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Written By: DiveThru Team

Reviewed By: Natalie Asayag MSW, LCSW


Feeling Sad: A Guide to Your Emotions

PUBLISHED Dec 23rd, 2020 & UPDATED ON Feb 6th, 2023

You’re sad. Down in the dumps. Feelin’ blue. There’s endless, ENDLESS, reasons you could be feeling sad at any given moment. ‘Cause as many things there are in this wonderful world to be happy about, there’s just as many that make us sad as hell. Maybe you’re feeling down since moving to a new city because you miss all of your friends. Or maybe you’re upset because your partner totally forgot your birthday…  ouch. You could just be sad because you’ve been reading a shit load of bad news that never, ever seems to end (ughhh, tell us about it).

Look, we know how life can be a huge clusterfuck of emotions. Whatever the reason might be, just remember that it’s totally normal and okay to feel sad. It doesn’t matter if it’s over something small, like accidentally breaking your favourite coffee mug that your grandma gave you for Christmas or something bigger, like the end of a long-term relationship you thought would last forever. Being sad is something that comes and goes, whether we want it to or not. But guess what? Your feelings are valid, no matter what. We’re here for you!

So go ahead and curl up in your softest blanket, put on your go-to comfort show, or listen to a playlist of the saddest songs that makes you wanna cry your eyes out. Buuut first: keep on reading this article. ‘Cause we’re gonna dive thru feeling sad and how you can cope with this super fun emotion that we all love so much.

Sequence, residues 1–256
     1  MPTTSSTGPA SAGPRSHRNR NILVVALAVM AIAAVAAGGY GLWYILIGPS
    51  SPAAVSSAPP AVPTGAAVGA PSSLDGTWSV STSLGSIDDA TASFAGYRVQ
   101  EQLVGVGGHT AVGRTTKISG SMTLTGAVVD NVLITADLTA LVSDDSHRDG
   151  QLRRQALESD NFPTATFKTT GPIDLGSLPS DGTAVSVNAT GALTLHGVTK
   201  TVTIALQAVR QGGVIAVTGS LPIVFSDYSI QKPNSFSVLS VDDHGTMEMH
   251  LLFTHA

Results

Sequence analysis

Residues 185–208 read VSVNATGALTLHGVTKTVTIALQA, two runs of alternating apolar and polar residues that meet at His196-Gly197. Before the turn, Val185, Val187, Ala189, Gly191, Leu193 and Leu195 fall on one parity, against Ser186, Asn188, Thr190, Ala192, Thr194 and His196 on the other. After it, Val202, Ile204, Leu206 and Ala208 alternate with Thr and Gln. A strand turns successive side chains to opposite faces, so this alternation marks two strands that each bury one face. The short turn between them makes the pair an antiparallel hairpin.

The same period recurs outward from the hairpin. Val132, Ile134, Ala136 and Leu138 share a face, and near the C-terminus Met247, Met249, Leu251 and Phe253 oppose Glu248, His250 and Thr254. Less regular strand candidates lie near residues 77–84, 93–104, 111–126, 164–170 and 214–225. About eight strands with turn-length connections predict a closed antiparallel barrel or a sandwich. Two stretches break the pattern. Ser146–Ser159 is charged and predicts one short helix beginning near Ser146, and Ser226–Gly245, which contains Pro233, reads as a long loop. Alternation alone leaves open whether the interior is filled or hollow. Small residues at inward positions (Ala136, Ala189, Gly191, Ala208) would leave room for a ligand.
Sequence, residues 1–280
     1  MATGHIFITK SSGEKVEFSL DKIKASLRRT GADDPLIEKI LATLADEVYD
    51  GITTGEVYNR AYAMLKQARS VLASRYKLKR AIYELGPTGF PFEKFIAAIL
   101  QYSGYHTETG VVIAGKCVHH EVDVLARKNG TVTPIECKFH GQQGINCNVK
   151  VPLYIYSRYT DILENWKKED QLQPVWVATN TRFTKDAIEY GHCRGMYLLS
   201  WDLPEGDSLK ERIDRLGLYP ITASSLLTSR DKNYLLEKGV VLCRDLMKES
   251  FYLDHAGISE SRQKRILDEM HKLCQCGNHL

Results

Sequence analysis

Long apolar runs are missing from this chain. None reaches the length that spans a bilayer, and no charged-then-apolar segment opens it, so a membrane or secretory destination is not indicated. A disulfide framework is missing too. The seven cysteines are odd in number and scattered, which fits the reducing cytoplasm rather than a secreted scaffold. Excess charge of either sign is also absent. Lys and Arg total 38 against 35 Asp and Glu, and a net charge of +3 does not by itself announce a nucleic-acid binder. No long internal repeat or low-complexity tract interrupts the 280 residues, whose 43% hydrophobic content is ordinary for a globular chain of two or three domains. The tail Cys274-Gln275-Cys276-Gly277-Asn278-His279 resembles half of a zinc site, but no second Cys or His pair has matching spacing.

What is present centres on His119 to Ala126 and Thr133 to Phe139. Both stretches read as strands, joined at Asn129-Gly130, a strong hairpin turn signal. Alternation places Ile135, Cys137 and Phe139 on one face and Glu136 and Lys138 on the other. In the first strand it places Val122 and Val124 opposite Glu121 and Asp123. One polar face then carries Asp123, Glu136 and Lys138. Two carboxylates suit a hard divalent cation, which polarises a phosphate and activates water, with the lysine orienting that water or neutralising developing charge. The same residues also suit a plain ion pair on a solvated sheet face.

A Deeper Look at Feeling Sad

We get it. We know what being sad means. It’s one of the first emotions you learn about in preschool where they probably made you point to a teary-eyed cartoon character on some feelings chart and exclaim: “SAAAD!” But to get a ‘lil bit more technical, the APA Dictionary of Psychology defines sadness (n.) as “an emotional state of unhappiness, ranging in intensity from mild to extreme and usually aroused by the loss of something that is highly valued (e.g., by the rupture of a relationship).” Yeppp, that seems pretty on point.

Sometimes there’s confusion about sadness, or the assumption that feeling sad means you’re depressed. But that’s defs not the case! Feeling sad is a completely natural human feeling that we all experience now and then. Like we said, there’s different levels of sadness. But the key difference between feeling sad and being depressed is that feeling sad is temporary. It goes away with time. Depression is a mental illness that is long-term, and it impacts your mental wellbeing and how you function everyday. We can work through being sad. But with depression, it’s helpful to seek professional treatment.

Feeling Sad Is Not Bad

Another important thing to note: psychologists say that it can actually be a good thing to feel sometimes. Hold up. Why would we WANT to feel sad? That’s a fair question. Psychologists actually suggest that feeling sad is a good thing because it signals how we treat ourselves or how we want to be treated. Not just that, but feeling sad can also be a great indicator when something in our lives needs to change. Like maybe seeing your ex’s old hoodie hanging in your closet brings back memories and brings down your mood. Sign: it’s time to throw it in the donations bin! Or you could be spending wayyy too much time indoors ever since you started working from home, and it’s really bringing you down. Sign: start putting daily walks or plan trips to your favourite spots throughout the week! It’s so important to listen to what this feeling is really telling us about ourselves.